For all its problems, one thing Christopher Nolan’s Interstellar did very well was inspire a sense of wonder at the possibilities of traveling beyond our cradle and into the larger universe beyond. For anyone who grew up as a space junkie or sci-fi fan, it powerfully tapped into that part of us that longs to step foot on alien worlds and look up at distant suns. Well, if Interstellar tapped into that longing and wanderlust, this short film, entitled Wanderers, may do so even more powerfully.
Manned space travel is in a strange place right now, with NASA’s funding getting slashed and private corporations talking a big game about commercial space flights and asteroid mining and even friggin’ Mars colonies. It will be fascinating to see whether these claims come to fruition over the next few decades, and if so, if that inspires our government to give NASA more support and loftier ambitions. But in the midst of all of this, there is one inevitable element of our culture that is keen to tag along on man’s tentative steps into the final frontier, whether we want it to or not. I’m talking, of course, about reality TV.
The act of firing bullets is usually a destructive endeavor, not one normally associated with a quest for knowledge. This perception could change somewhat if and when British scientists launch a 44-pound bullet at Jupiter’s moon Europa. The projectile, called the Penetrator—such an unfortunate name—was recently fired at ten ton brick of ice, and because all of its major internal organs and circuits remained intact, the European Space Agency (ESA) decided to move ahead with the project.
Though it looks like an awful lot like an offensive weapon, the Penetrator will really be home to a variety of scientific equipment, like seismographs, or a miniature chemistry lab that could be used to examine samples in search of any microbial life beneath the surface. Researchers hope that this approach could be a more cost effective way to explore the surface of other planets. Instead of spending a vast amount of resources on rovers and other exploratory probes, several devices like these could be deployed over as large an area as you please, and send back information about a wide region. They might not have the lifespan, or the ability to get into as much detail as their counterparts, but they could definitely fill a specific niche in space exploration.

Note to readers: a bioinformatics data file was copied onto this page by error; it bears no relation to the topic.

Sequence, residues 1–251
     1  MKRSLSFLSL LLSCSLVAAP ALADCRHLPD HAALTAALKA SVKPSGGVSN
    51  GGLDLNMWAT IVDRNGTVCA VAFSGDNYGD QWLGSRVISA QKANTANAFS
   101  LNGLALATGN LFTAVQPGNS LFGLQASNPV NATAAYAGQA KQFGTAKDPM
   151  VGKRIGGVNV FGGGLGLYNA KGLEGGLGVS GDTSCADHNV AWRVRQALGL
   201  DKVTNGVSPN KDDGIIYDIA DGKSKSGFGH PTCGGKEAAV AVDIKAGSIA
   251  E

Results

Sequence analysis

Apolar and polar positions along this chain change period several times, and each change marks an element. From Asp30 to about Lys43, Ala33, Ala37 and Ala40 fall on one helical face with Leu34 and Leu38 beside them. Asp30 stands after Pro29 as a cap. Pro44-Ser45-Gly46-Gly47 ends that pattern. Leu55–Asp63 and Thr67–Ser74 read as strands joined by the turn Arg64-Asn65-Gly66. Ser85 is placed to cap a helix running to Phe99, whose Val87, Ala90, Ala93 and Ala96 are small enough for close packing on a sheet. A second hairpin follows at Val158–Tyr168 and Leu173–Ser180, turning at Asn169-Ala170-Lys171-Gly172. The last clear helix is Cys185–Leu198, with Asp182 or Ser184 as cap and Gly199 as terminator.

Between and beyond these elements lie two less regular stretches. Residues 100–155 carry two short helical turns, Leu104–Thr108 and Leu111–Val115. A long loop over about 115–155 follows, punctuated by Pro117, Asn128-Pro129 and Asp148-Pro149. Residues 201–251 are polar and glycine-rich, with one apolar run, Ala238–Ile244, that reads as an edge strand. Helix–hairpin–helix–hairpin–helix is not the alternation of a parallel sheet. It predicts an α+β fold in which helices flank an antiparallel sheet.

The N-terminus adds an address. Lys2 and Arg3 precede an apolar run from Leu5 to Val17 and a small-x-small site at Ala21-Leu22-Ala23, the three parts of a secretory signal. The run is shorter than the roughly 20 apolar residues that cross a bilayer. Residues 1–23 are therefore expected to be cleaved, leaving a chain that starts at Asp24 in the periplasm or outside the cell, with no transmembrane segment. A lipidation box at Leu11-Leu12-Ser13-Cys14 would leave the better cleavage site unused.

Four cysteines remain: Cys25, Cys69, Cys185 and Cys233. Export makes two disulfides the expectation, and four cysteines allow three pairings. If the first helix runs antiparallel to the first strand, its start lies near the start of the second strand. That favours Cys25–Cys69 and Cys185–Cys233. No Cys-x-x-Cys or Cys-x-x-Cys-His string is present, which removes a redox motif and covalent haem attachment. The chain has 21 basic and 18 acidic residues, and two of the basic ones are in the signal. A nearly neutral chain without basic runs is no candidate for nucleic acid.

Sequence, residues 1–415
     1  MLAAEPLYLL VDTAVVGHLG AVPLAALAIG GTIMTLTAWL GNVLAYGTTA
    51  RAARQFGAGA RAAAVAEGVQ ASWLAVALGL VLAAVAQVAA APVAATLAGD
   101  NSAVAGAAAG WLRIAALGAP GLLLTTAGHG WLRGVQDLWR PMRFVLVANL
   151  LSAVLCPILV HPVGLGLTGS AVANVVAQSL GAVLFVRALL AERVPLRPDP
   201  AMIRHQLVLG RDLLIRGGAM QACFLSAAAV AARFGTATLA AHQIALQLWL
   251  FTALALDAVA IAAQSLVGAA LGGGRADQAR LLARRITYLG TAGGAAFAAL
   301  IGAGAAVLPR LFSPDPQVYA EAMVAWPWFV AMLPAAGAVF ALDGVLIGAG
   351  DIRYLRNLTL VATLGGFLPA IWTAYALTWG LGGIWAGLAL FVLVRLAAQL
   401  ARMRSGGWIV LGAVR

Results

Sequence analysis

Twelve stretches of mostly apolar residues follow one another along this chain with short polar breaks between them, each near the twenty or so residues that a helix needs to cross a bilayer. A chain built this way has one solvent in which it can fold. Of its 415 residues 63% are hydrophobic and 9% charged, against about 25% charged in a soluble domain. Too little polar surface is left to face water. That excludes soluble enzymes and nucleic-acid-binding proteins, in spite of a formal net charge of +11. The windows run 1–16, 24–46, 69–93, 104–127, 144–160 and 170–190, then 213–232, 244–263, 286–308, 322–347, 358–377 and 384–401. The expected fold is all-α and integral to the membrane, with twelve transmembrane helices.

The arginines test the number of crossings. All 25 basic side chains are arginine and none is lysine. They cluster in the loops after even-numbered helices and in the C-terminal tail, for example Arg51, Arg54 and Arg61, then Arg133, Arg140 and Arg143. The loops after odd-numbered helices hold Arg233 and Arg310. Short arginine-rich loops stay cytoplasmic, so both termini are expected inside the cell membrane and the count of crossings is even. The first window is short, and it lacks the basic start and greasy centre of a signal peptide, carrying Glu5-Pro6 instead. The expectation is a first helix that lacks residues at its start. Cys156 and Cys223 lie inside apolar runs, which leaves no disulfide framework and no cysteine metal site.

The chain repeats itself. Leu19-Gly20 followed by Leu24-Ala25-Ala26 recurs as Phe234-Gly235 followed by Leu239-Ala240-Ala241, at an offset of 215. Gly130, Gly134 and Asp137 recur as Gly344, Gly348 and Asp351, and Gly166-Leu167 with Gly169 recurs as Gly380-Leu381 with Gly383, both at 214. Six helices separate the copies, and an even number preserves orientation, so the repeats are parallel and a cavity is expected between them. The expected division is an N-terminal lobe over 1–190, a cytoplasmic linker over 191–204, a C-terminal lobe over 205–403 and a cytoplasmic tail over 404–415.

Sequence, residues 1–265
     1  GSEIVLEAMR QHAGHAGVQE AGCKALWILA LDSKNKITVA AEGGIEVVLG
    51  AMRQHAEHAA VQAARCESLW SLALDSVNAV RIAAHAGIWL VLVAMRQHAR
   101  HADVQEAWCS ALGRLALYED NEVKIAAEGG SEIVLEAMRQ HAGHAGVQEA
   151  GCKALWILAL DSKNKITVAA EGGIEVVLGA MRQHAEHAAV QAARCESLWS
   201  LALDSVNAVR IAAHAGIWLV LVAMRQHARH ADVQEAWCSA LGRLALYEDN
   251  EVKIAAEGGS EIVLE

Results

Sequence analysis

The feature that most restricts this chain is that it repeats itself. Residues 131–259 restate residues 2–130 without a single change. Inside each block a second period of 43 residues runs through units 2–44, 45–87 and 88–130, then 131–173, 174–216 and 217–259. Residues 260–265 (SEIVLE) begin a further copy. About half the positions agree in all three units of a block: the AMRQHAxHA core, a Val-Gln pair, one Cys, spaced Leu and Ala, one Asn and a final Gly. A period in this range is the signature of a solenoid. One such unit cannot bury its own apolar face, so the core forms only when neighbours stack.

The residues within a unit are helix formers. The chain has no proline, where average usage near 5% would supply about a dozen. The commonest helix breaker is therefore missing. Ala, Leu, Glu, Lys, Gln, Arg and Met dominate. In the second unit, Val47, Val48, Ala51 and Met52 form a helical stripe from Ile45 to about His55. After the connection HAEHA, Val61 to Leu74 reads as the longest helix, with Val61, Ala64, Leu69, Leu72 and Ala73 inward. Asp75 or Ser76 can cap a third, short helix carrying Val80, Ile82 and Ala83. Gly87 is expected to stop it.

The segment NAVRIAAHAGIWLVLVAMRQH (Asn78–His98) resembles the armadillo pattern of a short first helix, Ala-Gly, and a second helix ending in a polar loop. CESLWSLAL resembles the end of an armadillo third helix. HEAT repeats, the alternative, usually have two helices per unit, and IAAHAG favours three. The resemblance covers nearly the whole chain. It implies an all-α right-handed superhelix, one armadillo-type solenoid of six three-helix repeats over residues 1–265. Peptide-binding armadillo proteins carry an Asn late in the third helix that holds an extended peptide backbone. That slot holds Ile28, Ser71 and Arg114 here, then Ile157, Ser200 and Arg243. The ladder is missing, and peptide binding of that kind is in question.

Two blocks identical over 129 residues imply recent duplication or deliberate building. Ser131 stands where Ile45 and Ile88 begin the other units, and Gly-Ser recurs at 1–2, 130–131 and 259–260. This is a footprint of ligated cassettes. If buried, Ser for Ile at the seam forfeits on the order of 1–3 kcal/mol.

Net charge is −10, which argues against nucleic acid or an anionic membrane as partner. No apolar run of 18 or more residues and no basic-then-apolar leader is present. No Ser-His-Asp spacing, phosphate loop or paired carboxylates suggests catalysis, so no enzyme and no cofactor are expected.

2001 gets all the praise and retrospectives and spots on the “Best Movies of All Time” lists, but I’ve always had a soft spot for the 1984 sequel 2010, directed by Peter Hyams. I love Roy Scheider’s performance as Dr. Heywood Floyd. I love the pervasive sense of wonder, from the something mysterious lurking in a crater on the surface of Europa to the ghostly Dave Bowman’s cryptic promises that “something wonderful” was going to happen. And, almost more than all the rest of it, I love that ending. The monolith – scratch that, monoliths — collapse Jupiter into a new star and we get that closing shot of a single monolith standing vigil over a newly tropical Europa, starting the whole process of life all over again. It seems, however, that the folks at NASA are not fans of 2010, because they are going against the stern warnings of the monolith aliens and planning a landing on Jupiter’s moon of Europa.
According to Space, NASA plans to send two robotic landers to explore the surface of Europa, which is considered to be one of the most likely locations for discovering extraterrestrial life within our solar system. The mission is being developed by scientists at the Jet Propulsion Laboratory in California, and would be targeted to launch in 2020. The mission will investigate whether life exists, or could ever have existed, on the moon. One of the primary exploration targets will be Europa’s liquid-water ocean beneath the moon’s sheets of ice.
For awhile it seemed like we were right on the cusp of a new era in human exploration of space. NASA has been putting together plans to go back to the moon and then to use that as a stepping stone to get to Mars. President Bush supported it. Obama is killing it.
CS Monitor says President Obama’s newly unveiled 2011 budget effectively scraps the space program. They’ve cut almost all of their funding, scrapping the planned replacement for the space shuttle, killing plans for a more powerful rocket, and an eventual moon base.
Any hope that Obama would put a new emphasis on science and exploration seems to be gone. It’s back to shortsighted stupidity. America is now out of the space race. Whoever ends up as the Captain of the Enterprise, odds are he won’t be from Iowa.